Global Issues of Information Technologies

Global Issues of Information Technologies

Taowen Le (Weber State University, USA)
DOI: 10.4018/978-1-5225-5393-9.ch001
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Information technologies have been deployed as a key competitive advantage by multinational and transnational businesses throughout the world. They have performed wonders for individuals, societies, and nations worldwide. Nevertheless, they have also generated numerous global issues. This chapter surveyed and discussed 10 of these issues: interruption of traditional business models, threats to privacy, cyberbullying, unethical behavior in the workplace in a digital world, undesirable impact of texting, new challenges of polling, online piracy, threats to national security, threats to human jobs, and obstacles to information technology innovations. Upon reading this chapter, the reader should be able to understand that every new technology has tradeoffs, and recognized issues lead to improvements and more innovations.
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Information technology innovations and their widespread applications since 1980s have forever changed human lives and societies. Internet aided by more recent technological advancements such as mobile telecommunication, cloud computing, and big data mining have connected people throughout the world digitally and instantly. Information technology diffusions have brought enormous changes to public domains such as business, education, medicine, and government. More importantly, combined with new discoveries in various fields such as material science, healthcare, and biology, information technology is bringing forth new realities at a pace never before experienced in human history.

As information technologies continue their diffusions throughout the world, people everywhere begin to enjoy and recognize the great convenience and benefits they bring, of which the following is but a small sample:


Information technologies in the form of computer hardware and software were utilized in business organizations as early as in 1960s. Since then, nearly all business organizations in developed countries and many business organizations in developing countries have used some information technologies in their daily operations. They have been used not only for business and financial record keeping, but also for product design, process automation, market analysis, payment handling, supply chain management, organization management, and general decision support (Cron & Sobol, 1983; Stephens, 1999; Zuckerman, 2004; Attaran, 2004; Lu & Ramamurthy, 2011; Luftman et al, 2017).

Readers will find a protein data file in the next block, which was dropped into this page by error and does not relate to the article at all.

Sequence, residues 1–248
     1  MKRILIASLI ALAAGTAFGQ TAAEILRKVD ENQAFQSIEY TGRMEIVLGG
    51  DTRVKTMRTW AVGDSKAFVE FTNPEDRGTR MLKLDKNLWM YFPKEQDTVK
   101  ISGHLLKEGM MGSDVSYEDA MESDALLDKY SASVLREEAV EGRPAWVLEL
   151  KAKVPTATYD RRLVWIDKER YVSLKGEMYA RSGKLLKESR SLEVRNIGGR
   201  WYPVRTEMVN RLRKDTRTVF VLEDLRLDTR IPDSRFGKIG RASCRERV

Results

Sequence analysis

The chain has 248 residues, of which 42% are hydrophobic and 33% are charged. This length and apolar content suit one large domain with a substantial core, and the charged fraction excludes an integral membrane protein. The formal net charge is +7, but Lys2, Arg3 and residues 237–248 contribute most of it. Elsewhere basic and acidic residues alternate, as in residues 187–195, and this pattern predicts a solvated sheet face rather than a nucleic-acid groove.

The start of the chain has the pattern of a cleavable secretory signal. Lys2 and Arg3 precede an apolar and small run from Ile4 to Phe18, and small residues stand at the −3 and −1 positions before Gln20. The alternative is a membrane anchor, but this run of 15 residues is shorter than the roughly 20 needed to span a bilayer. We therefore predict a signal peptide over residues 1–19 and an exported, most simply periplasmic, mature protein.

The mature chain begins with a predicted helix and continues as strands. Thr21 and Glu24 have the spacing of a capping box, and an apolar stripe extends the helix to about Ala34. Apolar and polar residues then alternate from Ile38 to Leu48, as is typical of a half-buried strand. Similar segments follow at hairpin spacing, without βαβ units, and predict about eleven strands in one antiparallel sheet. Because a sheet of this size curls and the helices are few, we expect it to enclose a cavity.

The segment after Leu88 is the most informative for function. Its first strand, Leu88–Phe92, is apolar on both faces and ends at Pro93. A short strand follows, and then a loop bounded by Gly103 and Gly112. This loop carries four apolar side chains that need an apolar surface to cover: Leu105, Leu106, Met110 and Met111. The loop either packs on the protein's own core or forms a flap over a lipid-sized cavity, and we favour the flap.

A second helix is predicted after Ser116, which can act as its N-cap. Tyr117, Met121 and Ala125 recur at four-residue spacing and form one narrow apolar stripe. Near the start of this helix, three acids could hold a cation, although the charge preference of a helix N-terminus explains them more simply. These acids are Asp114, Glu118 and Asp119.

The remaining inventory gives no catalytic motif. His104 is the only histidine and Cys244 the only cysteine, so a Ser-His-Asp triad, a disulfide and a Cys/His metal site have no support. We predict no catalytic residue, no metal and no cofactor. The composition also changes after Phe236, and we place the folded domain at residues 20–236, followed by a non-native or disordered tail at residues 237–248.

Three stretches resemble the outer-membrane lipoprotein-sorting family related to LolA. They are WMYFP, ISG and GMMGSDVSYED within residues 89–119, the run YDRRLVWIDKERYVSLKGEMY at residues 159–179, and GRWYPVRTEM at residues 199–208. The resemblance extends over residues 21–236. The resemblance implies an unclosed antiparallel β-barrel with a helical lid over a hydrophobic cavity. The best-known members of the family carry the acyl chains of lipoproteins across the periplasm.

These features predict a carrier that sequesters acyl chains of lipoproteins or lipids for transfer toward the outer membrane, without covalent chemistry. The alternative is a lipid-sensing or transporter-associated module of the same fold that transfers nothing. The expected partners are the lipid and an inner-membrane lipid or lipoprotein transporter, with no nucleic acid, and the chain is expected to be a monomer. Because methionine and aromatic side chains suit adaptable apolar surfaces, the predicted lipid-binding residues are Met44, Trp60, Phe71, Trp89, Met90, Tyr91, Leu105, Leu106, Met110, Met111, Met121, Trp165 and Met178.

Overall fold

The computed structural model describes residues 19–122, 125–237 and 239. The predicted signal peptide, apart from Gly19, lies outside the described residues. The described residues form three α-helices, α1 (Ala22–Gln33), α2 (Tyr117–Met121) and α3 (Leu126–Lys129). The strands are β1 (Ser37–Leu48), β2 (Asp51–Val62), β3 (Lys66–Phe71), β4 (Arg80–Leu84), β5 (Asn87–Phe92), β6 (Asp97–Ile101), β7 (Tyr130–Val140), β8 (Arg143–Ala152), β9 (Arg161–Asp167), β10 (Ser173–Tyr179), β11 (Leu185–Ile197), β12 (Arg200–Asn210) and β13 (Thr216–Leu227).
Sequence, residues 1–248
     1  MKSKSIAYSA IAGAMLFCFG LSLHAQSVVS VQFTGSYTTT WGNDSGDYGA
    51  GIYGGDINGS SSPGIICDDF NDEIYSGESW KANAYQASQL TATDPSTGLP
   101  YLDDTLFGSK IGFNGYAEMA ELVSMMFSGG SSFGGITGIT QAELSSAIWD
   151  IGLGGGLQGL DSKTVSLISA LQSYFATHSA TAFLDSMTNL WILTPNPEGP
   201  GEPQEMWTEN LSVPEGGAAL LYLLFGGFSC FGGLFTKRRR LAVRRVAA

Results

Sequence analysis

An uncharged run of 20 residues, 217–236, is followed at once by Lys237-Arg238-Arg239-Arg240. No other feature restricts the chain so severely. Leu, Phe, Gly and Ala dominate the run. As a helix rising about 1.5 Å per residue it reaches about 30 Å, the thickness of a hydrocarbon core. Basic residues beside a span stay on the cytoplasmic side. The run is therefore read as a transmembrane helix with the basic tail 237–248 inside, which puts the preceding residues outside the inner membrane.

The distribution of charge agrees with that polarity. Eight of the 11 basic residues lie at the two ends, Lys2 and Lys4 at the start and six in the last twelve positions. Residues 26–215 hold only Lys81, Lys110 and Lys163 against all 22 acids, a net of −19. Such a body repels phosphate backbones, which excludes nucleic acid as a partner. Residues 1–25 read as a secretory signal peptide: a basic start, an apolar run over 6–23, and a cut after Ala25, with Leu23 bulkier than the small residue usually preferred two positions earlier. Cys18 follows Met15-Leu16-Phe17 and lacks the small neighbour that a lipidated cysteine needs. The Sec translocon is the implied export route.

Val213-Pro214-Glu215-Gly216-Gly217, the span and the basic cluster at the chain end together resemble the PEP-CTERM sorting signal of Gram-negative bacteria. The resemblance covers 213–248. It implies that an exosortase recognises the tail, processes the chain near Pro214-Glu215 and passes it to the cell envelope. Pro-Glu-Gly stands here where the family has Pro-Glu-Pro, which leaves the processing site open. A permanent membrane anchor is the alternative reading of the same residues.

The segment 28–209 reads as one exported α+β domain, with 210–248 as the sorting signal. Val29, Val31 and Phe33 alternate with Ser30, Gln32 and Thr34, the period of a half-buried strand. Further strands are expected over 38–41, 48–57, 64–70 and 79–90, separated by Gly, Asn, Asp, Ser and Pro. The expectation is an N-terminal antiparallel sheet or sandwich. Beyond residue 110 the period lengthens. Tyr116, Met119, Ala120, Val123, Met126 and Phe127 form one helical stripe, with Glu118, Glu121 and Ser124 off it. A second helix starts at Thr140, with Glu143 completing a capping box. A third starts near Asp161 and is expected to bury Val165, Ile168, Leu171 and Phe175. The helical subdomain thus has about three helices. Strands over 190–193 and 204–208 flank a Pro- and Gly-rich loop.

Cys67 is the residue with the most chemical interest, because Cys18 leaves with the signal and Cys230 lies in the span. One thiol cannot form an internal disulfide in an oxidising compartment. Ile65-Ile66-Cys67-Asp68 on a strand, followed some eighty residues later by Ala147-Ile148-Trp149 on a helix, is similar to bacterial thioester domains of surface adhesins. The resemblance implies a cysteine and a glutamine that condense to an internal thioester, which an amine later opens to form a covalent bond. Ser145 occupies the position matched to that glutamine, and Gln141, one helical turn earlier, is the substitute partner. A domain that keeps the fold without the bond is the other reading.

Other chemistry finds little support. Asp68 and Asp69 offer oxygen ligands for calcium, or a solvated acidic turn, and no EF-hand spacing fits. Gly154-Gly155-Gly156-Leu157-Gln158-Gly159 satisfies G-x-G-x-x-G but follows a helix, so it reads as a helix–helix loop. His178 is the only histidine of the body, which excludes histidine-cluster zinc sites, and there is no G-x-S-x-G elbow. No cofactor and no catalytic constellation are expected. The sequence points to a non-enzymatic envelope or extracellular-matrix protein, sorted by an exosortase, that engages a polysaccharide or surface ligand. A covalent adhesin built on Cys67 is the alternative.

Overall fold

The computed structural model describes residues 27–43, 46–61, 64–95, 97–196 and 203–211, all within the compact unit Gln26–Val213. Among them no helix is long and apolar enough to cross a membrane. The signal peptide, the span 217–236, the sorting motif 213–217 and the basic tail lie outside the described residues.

TV networks made government-managed TV universities possible in countries such as China in the 1980s. Non-interactive courses were broadcasted through TV networks to designated locations. With the design of EdNet (Education Networks), Internet-based distant education first became available in countries such as the United States in the 1990s. Interactive courses taught on one campus could be attended by students at various satellite campuses. Today, online education programs have benefited students of every level throughout the world. The seemingly unlimited information resources are often a few clicks away. The great wealth of knowledge is presented in many different ways and made available not only to students, but also to everyone else, making learning possible and relatively easy for all in the world (Greenhow et al, 2009).


Like in other fields, information technologies have brought innumerable advances in healthcare, which have enabled medical personnel to provide patients with more accurate diagnoses and more effective treatments. Some of the best known include Computerized Axial Tomography (CAT), special X-ray tests that produce cross-sectional images of the body using X-rays and a computer (Davis 2016), Magnetic Resonance Imaging (MRI), a noninvasive medical test that uses a powerful magnetic field, radio frequency pulses, and a computer to produce detailed pictures of organs, soft tissues, bone, and virtually all other internal body structures (, 2017), and heart bypass surgery which creates a new route, called a bypass, for blood and oxygen to reach the heart, without opening the chest or stopping the heart. More recent technologies include 3D visualization and augmented reality for surgery, interoperability solutions for exchanging patient information across care settings, robotic nurse assistant, remote patient monitoring, and anti-aging drugs, tooth regeneration (Coutre, 2016; Govette, 2016).


E-government has enabled governments throughout the world to provide more convenient and effective services to citizens and residents. Hundreds of services which traditionally require physical presence of people are now available to people without geographical or time constraints. Big data technologies have enabled governments to more accurately analyze problems and implement more effective measures or procedures to tackle them. Public benefits include and certainly are not limited to more effective traffic control, poverty relief, public security system, and natural disaster prevention (Welch et al, 2004; Klamo et al, 2006; Sneada & Wright, 2014).

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